A Philippine Army scout ranger aims his sniper rifle during a training exercise in the southern Basilan island. Some 300 US troops are expected to arrive in the southern Philippines in February to train hundreds of Philippine soldiers in the southern Philippines in February to train hundreds of Philippine soldiers. Zamboanga City, Jan. 25, 2003 (Story and photo by Al Jacinto, PHNO Mindanao Bureau) - An advance team of US military soldiers has inspected training facilities in the southern Philippines in preparation for the arrival of some 300 special forces' members, a US security official said Saturday.

Capt. Steve Wollman, of the Joint Special Operations Task Force-Philippines, said the team, composed of 12 special forces soldiers, have inspected training sites in the village of San Ramon.

"They have visited and inspected many training sites and they are now working closely with their Philippine counterparts in preparation for the arrival of American trainors," Wollman told reporters in Zamboanga City.

US military commander Brig. Gen. Donald Wurster earlier said last week that some 300 American special forces are arriving in Zamboanga City to train at least 16 Light Infantry Battalions and four Light Reaction Companies, an elite unit specialized in hunting down terror groups.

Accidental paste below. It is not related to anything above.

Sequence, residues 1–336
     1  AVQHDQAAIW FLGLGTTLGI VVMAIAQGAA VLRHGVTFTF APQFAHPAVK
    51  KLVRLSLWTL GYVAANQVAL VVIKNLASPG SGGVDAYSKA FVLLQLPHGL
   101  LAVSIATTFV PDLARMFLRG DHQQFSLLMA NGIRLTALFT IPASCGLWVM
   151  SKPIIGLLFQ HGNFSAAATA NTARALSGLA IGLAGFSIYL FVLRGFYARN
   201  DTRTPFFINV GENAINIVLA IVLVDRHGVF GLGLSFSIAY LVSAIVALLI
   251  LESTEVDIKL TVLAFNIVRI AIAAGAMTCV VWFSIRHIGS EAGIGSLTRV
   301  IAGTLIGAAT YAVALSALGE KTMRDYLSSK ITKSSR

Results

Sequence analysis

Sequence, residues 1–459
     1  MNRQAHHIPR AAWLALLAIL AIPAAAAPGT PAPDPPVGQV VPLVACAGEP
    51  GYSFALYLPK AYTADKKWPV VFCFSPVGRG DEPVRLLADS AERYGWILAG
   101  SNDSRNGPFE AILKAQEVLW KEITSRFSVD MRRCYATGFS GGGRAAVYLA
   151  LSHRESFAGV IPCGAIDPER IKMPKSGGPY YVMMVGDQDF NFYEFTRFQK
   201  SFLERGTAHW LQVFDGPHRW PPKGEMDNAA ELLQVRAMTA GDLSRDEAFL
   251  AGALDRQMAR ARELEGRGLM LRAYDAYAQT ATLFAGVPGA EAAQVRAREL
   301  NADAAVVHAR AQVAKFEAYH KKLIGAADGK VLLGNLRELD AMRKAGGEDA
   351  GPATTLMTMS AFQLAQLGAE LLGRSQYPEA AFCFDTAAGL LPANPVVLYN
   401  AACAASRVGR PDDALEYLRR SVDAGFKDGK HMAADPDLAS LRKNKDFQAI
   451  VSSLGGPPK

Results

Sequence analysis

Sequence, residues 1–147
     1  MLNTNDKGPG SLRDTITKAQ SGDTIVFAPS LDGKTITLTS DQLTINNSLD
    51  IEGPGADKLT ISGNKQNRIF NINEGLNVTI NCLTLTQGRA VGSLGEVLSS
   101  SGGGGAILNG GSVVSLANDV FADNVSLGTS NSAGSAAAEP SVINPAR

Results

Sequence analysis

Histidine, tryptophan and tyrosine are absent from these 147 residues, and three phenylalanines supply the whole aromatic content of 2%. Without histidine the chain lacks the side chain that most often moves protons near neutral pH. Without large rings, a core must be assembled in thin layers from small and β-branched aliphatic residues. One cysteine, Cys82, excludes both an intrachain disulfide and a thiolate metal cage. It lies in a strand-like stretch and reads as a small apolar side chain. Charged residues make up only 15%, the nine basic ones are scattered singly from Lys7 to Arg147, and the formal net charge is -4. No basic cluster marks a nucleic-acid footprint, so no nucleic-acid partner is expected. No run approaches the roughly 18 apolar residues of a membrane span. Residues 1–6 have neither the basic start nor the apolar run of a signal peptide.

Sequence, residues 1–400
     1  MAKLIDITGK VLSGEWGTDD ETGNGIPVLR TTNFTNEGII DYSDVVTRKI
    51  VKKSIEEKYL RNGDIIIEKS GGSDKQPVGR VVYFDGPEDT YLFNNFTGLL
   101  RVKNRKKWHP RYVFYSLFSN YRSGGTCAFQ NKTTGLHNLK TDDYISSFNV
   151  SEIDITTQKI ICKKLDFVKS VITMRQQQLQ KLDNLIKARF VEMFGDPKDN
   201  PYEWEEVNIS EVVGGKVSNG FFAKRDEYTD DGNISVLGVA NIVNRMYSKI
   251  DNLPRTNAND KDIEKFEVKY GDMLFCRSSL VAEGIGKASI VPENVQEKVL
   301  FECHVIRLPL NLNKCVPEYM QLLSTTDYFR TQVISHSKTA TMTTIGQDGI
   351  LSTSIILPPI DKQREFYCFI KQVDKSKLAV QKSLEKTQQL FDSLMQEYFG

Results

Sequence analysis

Wollman said the US military team, from the Army's First Special Forces, arrived Jan. 18 from Okinawa, Japan. "They are the advance party of the trainors and part of the five special forces team that are due to arrive here next month," Wollman said.

Security has been tightened in Zamboanga City to protect the US trainors against threats of attacks by the Abu Sayyaf Muslim rebels, the commander of the military's Southern Command Lt. Gen. Narciso Abaya said.

"We have tightened security to protect the US soldiers against threats of attacks by the Abu Sayyaf. The threats remain there as in the past Balikatan exercise. There will be forced protection and we will deploy our soldiers to protect the US and Philippine troops involved in the training," Abaya said.

Abu Sayyaf guerrillas have killed one US soldier, participating in a joint antiterror training, in October last year after detonating a powerful bomb outside a bar in Malagutay village here, near the Philippine Army base where the training would be held. Two other Filipinos were killed in the attack and a second US soldier who were among the 23 people wounded in the blast, died several days later.

Abaya said the training would involved the US Army, Marines and Air Force and their Philippine counterparts. "It would be held in batches and most of the soldiers will be out in the jungle for the actual training," he said.

He said the American soldiers would stay away from Jolo and Basilan islands, where Philippine troops are hunting down Abu Sayyaf rebels, whose group has been linked by the United States to Al Qaeda network.

Last year, US forces trained Filipino soldiers in Basilan island and assisted and advised local military commanders in hunting down the Abu Sayyaf. US Special Forces also trained a light reaction company of the Philippine Army, now being used against the Abu Sayyaf group in Basilan and Jolo, both traditional strongholds of Muslim rebels.

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